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India’s Dark Path To Hindu Nationalism

December 31, 2019 in Economics

By Doug Bandow

Doug Bandow

India is being convulsed by mass demonstrations against a new citizenship law that places special disabilities on Muslims. Prime Minister Narendra Modi’s government has responded with force, leading to more deaths in a couple weeks than during months of protests in Hong Kong.


Some Western policymakers once saw India as the great democratic hope for confronting communist China. Indian economic growth was poised to spurt past that of the PRC. When Modi’s Bharatiya Janata Party (BJP) won a majority in the 2014 election, he was compared to America’s Ronald Reagan, expected to free India’s hobbled economy and unleash his people’s productivity. Charismatic and determined, Modi seemed destined to turn his nation into a weltmacht whose interests had to be respected.

However, he proved to be more pro-business than pro-market, favoring stronger state control over the economy to support his political objectives. First-term reforms were slow and tentative. He sought to squeeze cash out of the economy, enhancing the government’s power while starving small businesses of liquidity. The result was slower growth—last quarter saw the slowest expansion in six years. Thus, when the BJP sought reelection this year, it talked less about its disappointing economic record than about religious nationalism, especially the continuing conflict with Pakistan over majority-Muslim but India-administered Jammu and Kashmir.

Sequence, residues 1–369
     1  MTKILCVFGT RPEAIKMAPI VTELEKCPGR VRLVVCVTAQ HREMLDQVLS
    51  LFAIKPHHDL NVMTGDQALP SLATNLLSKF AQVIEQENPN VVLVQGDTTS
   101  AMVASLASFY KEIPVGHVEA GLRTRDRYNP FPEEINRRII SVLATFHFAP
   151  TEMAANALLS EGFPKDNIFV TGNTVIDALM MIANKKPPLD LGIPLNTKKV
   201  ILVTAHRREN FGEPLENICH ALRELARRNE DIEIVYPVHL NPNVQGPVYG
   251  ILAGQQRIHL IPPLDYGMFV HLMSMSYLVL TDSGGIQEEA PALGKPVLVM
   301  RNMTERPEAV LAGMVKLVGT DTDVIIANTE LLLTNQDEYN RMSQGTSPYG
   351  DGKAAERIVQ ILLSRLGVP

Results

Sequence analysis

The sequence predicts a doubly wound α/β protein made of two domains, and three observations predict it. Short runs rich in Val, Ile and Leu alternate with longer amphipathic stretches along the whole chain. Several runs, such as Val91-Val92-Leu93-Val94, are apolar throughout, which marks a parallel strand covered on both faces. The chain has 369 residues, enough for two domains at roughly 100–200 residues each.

The emphasis on Hindu nationalism should have surprised no one. Modi’s career saw him rise through the Rashtriya Swayamsevak Sangh, or RSS, a paramilitary Hindu nationalist organization that promotes Hindutva, or Hindu supremacy. In 2002, as head of Gujarat State, he presided over—and, some charged, encouraged—riots that led to the deaths of hundreds and even thousands of Muslims. He described his reaction to those killings as similar to witnessing the death of a puppy.

Although Hindu violence and persecution has most often been directed at Muslims, Christians, who make up a much smaller portion of the population, also are frequent targets. Widespread rioting in Orissa (or Odisha) State in August 2008 left scores dead, thousands injured, tens of thousands displaced, hundreds of churches destroyed, and thousands of homes wrecked. Christians, who often minister to Dalits (formerly called “untouchables”), still badly mistreated by traditional Indian Hindu culture, are routinely targeted by anti-conversion laws. And mobs, often at the behest of “cow protection” activists, have increasingly targeted Christians who deal in cattle. Sharad Sharma, …read more

Source: OP-EDS

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